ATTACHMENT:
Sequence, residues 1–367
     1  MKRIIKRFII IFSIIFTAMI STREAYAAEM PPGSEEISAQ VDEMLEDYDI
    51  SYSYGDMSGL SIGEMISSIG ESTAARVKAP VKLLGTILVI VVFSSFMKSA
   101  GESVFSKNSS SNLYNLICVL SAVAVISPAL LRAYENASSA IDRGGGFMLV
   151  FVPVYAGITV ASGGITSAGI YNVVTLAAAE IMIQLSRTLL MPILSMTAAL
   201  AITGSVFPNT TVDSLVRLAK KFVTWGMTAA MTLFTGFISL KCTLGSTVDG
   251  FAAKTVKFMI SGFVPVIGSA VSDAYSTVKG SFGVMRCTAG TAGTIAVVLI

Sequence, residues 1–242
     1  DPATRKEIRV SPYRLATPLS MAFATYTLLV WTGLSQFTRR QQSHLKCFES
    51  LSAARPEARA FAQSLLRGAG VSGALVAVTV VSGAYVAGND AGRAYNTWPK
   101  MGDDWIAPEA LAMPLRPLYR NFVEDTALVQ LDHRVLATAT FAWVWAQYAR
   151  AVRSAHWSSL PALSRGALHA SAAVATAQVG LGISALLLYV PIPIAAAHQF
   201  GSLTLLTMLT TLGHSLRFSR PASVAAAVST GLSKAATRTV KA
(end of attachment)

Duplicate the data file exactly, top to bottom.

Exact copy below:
Sequence, residues 1–367
     1  MKRIIKRFII IFSIIFTAMI STREAYAAEM PPGSEEISAQ VDEMLEDYDI
    51  SYSYGDMSGL SIGEMISSIG ESTAARVKAP VKLLGTILVI VVFSSFMKSA
   101  GESVFSKNSS SNLYNLICVL SAVAVISPAL LRAYENASSA IDRGGGFMLV
   151  FVPVYAGITV ASGGITSAGI YNVVTLAAAE IMIQLSRTLL MPILSMTAAL
   201  AITGSVFPNT TVDSLVRLAK KFVTWGMTAA MTLFTGFISL KCTLGSTVDG
   251  FAAKTVKFMI SGFVPVIGSA VSDAYSTVKG SFGVMRCTAG TAGTIAVVLI

Sequence, residues 1–242
     1  DPATRKEIRV SPYRLATPLS MAFATYTLLV WTGLSQFTRR QQSHLKCFES
    51  LSAARPEARA FAQSLLRGAG VSGALVAVTV VSGAYVAGND AGRAYNTWPK
   101  MGDDWIAPEA LAMPLRPLYR NFVEDTALVQ LDHRVLATAT FAWVWAQYAR
   151  AVRSAHWSSL PALSRGALHA SAAVATAQVG LGISALLLYV PIPIAAAHQF
   201  GSLTLLTMLT TLGHSLRFSR PASVAAAVST GLSKAATRTV KA